While there's nothing wrong with the classic flowers-and-chocolates combo for your valentine, it's not going to win you any points for originality. Looking for something more unusual and memorable this year?
Here are five quirky gifts that say "I love/like/appreciate you and I have an imagination"--along with their origin stories, from the (mostly) small businesses that make them.
1. Flowers and chocolates 2.0
The recreational use of marijuana is now legal in 10 states. Denver-based company 1906 New Highs--1906 was when the Wiley Act passed, a law that began the prohibition of cannabis--is one venture that has jumped on the opportunity. Since its launch two years ago, the company has stocked more than 200 Colorado dispensaries with its eccentric edibles.
"Valentine's is like Christmas for us," says Peter Barsoom, CEO of 1906 New Highs. A product called High Love--"an aphrodisiac that will make your bed levitate"--is the most popular item come February.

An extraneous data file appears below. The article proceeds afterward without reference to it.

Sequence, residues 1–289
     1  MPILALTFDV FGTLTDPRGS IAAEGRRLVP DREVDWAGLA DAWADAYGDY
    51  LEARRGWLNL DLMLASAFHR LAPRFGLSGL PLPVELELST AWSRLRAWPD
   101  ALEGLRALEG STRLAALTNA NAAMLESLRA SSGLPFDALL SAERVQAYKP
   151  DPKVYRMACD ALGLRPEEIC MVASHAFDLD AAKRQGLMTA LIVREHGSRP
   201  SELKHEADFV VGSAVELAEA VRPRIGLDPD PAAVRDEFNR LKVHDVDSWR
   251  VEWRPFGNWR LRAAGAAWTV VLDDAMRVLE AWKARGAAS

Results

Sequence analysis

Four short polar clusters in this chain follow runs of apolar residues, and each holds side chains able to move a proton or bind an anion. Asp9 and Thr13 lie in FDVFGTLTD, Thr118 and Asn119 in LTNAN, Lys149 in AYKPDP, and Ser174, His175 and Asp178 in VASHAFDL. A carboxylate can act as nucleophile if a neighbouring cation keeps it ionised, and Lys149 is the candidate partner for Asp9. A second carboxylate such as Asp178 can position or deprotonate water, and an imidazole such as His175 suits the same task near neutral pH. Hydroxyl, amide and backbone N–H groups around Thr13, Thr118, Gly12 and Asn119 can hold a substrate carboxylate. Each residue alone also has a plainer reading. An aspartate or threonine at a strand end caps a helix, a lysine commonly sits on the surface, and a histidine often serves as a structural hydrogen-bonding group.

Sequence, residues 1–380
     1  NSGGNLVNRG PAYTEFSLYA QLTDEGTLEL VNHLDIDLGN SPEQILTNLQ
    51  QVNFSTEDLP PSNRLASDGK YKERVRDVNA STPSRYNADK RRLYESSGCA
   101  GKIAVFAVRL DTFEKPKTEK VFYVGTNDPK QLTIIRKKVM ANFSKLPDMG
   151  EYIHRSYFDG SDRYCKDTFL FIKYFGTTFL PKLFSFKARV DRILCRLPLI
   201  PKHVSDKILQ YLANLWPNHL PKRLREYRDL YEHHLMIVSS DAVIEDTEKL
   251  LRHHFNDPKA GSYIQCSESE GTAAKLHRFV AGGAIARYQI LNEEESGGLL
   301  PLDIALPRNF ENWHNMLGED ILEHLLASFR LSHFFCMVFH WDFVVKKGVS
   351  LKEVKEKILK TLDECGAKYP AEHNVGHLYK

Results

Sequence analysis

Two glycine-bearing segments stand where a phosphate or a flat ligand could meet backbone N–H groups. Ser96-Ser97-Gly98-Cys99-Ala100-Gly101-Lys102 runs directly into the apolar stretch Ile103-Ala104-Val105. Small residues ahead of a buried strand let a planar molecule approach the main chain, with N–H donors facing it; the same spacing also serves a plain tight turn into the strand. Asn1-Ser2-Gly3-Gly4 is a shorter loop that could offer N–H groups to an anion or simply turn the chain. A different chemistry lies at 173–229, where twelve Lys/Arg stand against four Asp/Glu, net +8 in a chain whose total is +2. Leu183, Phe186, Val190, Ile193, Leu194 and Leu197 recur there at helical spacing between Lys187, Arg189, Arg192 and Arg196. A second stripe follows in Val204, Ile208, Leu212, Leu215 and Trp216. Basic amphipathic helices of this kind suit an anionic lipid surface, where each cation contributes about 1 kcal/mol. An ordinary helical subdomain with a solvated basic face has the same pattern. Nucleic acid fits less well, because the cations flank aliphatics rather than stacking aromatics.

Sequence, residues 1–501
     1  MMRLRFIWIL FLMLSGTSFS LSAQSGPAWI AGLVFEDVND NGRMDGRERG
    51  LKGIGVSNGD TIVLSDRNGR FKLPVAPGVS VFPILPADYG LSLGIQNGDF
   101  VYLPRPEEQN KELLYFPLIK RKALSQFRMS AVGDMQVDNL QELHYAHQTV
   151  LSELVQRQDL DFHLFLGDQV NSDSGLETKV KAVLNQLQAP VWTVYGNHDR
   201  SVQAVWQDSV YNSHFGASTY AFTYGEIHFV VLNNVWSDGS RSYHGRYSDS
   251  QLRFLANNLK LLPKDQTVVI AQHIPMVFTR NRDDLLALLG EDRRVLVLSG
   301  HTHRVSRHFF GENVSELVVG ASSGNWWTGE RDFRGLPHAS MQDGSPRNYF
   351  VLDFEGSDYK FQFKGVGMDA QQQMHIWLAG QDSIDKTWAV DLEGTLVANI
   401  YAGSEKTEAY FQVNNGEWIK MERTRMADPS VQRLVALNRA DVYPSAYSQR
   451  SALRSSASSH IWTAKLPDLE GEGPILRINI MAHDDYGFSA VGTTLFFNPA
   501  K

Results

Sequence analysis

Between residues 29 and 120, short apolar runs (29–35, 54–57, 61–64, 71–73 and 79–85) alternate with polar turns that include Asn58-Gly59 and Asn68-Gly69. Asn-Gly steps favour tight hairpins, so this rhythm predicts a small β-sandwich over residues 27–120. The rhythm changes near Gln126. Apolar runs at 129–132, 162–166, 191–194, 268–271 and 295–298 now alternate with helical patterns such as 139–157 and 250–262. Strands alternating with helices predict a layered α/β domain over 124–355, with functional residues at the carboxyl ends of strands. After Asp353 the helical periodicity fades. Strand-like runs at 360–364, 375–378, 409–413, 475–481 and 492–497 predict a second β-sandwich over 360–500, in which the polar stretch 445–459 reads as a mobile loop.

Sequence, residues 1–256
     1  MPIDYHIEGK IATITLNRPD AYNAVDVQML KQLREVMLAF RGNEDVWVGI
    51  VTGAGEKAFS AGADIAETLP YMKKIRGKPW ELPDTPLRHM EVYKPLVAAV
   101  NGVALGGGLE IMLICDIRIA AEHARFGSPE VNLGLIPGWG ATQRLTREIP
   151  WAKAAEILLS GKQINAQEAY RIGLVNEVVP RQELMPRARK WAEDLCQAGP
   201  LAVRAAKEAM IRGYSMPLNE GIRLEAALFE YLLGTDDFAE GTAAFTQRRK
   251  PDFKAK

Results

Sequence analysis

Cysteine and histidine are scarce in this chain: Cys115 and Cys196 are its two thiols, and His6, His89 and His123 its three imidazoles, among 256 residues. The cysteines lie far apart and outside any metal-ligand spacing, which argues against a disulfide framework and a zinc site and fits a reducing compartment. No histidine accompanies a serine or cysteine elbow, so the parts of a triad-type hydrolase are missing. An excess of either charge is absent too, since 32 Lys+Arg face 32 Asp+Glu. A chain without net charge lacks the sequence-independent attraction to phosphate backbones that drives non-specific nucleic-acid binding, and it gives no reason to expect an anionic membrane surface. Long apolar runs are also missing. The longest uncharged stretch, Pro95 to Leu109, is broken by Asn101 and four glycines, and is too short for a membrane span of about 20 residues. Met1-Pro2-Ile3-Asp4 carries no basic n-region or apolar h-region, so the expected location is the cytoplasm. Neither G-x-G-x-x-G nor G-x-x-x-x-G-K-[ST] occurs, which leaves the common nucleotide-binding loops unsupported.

Barsoom says the edible is composed of five aphrodisiac strains of cannabis to enhance pleasure. One aims to reduce stress and increase libido. Another is known as the "Viagra of the Amazon." He claims the strains combine to produce a feeling quickly, "because most people don't have six hours to have a date with an edible."
This year, the folks at 1906 are producing High Love in a "Lover's Edition." It's a big chocolate heart, scored down the middle and each side etched with "me" and "you," packaged in what looks like a regular chocolate box. It retails for $20.
"It's a different take on flowers and chocolate," Barsoom says, pointing out that the chocolate is the edible and the flower is, well, the bud.
2. Inspire some magic with ... meat
Entrepreneur Jon Beekman says he grew up in a family where people expressed themselves with gifts. When it was done well, he says, it was "magical"--like that time his dad made him a hockey goal out of PVC pipe. "It was a way to connect with his son," he says.
Beekman is aiming to spread that magical feeling via his seven-year-old San Mateo, California, business Man Crates.